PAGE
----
This article is a brief overview of an evolving set of agricultural practices with real potential for positive global impacts. We all know that: there is much too much soil erosion, that we need to sequester much more carbon in the soil, that we need to avoid environmental impacts from toxic pesticides, that biodiversity needs to be urgently enhanced, that farmers and workers face many predatory market pressures, and that many of the current mainstream farming practices are exacerbating these problems.
‘Regenerative’ is now the latest hot agriculture buzz word causing intense debates across many sectors of agriculture – all seeking to claim that their system is regenerative and is now the best approach. However, it is important to understand that the term ‘regenerative agriculture’ has many differing definitions, uses, politics and origins.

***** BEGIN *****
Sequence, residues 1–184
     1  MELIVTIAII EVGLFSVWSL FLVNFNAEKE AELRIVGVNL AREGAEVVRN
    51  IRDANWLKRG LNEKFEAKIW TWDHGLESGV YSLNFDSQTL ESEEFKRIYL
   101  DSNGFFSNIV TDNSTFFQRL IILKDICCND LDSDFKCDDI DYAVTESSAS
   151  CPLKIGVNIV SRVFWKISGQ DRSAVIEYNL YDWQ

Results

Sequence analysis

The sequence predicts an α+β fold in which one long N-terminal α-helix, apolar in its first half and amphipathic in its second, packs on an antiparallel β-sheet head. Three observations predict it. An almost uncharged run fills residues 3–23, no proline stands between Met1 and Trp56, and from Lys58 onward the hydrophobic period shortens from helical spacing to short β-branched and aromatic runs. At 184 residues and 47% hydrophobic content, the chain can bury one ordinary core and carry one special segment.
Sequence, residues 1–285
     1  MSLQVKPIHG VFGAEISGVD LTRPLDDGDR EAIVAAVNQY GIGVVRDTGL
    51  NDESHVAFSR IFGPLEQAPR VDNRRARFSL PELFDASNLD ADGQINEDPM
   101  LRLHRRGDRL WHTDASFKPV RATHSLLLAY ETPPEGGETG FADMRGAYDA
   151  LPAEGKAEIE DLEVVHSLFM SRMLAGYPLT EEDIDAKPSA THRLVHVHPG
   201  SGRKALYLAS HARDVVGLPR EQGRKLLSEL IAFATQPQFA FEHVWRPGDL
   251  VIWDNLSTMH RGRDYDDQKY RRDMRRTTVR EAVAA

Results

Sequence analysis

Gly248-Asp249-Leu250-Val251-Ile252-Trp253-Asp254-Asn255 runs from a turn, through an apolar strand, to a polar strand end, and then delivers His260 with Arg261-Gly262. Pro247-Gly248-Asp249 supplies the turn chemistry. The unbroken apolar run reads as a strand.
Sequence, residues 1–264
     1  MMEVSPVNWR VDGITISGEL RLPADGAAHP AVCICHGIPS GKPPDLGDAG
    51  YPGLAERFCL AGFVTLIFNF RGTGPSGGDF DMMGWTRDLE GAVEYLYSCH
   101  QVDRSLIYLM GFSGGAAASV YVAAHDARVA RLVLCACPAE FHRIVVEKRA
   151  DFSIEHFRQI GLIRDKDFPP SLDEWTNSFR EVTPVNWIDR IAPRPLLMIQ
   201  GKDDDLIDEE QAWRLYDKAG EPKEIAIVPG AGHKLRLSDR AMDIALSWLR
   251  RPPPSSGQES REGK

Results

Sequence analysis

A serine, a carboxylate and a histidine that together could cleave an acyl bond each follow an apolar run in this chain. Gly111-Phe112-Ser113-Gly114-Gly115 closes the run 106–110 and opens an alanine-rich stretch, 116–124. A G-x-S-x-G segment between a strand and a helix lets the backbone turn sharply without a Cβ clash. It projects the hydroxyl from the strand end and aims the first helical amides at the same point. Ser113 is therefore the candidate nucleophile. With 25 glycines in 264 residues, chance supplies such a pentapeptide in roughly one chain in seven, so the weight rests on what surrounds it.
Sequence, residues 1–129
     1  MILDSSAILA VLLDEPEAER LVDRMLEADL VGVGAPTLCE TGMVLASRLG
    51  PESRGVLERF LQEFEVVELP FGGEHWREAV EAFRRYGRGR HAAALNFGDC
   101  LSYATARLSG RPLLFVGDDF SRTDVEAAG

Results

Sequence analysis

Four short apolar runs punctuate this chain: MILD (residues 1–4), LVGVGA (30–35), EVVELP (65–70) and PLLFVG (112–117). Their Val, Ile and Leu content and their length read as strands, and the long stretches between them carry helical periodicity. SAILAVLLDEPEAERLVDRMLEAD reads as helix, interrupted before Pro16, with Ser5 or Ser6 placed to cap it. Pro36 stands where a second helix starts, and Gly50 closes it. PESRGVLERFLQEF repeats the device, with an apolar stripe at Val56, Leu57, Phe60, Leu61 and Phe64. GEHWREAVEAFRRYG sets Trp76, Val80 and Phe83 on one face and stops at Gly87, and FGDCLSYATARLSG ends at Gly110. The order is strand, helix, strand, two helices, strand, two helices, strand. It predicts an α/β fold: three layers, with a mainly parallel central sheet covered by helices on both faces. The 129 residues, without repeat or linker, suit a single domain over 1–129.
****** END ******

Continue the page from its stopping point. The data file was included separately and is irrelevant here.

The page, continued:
Many people credit Bob Rodale with coining the term ‘regenerative’ back in the 1970s. He defined this to include seven very broad scopes or tendencies, which he explained can be applied not only to agriculture, but also to communities and even the human spirit. These tendencies can be summed up as:
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